White Sox' Tony La Russa explains thoughts on Trea Turner intentional walk

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Inside Tony La Russa's decision-making philosophy originally appeared on NBC Sports Chicago

After a night’s rest, Tony La Russa stands by his decision to intentionally walk Trea Turner with a 1-2 count, once a wild pitch opened up first base. La Russa once again cited Turner’s impressive numbers over the past few seasons when hitting with two strikes and against lefties. He cited Muncy’s down year, too. But La Russa also shed some light on how he makes decisions like that, using an old baseball adage he learned from former White Sox manager Paul Richards.

“Trust your gut, you don’t cover your butt. Because if you make moves to cover your butt, and they usually don’t work and you get fired, you’ll never know if you’re good enough.”

La Russa’s understanding from 30 years of managing in the big leagues is that no matter the decision, if things work out the decision will earn praise. If they don’t, they’ll be second-guessed. So, the only way for La Russa to properly judge his decision-making process, is to make decisions he truly believes, and evaluate afterwards.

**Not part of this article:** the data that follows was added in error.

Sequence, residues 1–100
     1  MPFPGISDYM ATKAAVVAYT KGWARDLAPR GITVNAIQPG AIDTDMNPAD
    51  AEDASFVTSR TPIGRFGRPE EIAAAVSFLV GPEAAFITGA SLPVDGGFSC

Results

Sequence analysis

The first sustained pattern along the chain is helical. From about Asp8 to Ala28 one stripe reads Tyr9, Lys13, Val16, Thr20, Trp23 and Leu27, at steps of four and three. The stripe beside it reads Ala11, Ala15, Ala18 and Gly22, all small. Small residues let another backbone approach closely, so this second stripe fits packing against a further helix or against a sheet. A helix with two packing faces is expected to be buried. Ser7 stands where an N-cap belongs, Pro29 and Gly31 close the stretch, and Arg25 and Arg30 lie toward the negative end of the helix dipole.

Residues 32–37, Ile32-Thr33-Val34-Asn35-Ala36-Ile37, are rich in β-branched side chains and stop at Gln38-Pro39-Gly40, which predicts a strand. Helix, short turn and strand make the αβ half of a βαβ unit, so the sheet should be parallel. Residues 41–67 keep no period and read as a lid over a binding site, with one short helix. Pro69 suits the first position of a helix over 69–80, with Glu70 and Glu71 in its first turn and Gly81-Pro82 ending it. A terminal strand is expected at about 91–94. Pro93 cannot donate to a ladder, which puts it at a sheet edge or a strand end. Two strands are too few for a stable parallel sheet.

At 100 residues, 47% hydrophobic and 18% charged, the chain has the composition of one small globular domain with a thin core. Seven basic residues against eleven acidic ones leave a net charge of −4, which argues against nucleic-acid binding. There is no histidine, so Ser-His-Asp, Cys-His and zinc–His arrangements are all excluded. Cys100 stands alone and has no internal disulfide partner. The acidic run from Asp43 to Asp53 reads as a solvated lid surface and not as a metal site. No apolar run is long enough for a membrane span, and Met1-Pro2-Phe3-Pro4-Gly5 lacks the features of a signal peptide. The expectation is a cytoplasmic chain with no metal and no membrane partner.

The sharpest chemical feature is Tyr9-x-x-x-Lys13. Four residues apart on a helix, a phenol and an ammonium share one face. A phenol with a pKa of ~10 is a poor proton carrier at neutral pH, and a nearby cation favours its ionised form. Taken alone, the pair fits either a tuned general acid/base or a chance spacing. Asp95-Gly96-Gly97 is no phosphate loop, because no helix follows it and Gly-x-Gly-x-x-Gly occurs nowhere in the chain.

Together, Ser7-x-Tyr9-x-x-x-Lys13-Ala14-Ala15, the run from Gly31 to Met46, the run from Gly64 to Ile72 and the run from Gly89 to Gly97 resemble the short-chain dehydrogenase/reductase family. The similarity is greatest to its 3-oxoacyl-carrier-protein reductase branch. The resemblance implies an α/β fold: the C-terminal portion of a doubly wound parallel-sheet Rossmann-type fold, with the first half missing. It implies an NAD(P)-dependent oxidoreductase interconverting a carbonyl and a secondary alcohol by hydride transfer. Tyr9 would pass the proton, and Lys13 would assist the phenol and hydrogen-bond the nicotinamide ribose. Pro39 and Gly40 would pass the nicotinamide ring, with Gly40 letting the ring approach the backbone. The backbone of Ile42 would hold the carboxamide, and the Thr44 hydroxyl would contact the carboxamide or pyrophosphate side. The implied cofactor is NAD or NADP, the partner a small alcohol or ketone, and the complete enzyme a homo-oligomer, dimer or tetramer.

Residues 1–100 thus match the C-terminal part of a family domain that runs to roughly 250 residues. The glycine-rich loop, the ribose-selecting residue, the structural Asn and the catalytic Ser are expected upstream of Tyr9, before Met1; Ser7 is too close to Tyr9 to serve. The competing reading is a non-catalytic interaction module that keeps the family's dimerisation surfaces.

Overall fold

“The reality is, don’t worry about covering your butt,” La Russa said. “Don’t worry about it, because you can’t. It actually frees you to do what you think is right.”

Again, the move to give Turner a pass in that scenario is what La Russa believed, and still believes, was right. If a righty had been on the mound, or if Bennett Sousa hadn’t thrown the wild pitch that allowed Freddie Freeman to move from first to second, then the Sox would’ve challenged Turner. But the way things played out, La Russa didn’t hesitate to put Turner on base.

“I worry about walking in later thinking ‘Did I follow, trust my gut and more importantly is there something I missed in the decision?’ And that one there, man…as soon as the guy went to second, I went bang (holds up four fingers).

“I’m always fascinated, and that’s part of the reason I’m still here, I really embrace the excitement of making those decisions. If it don’t go right, I have enough scabs. I can take it.”

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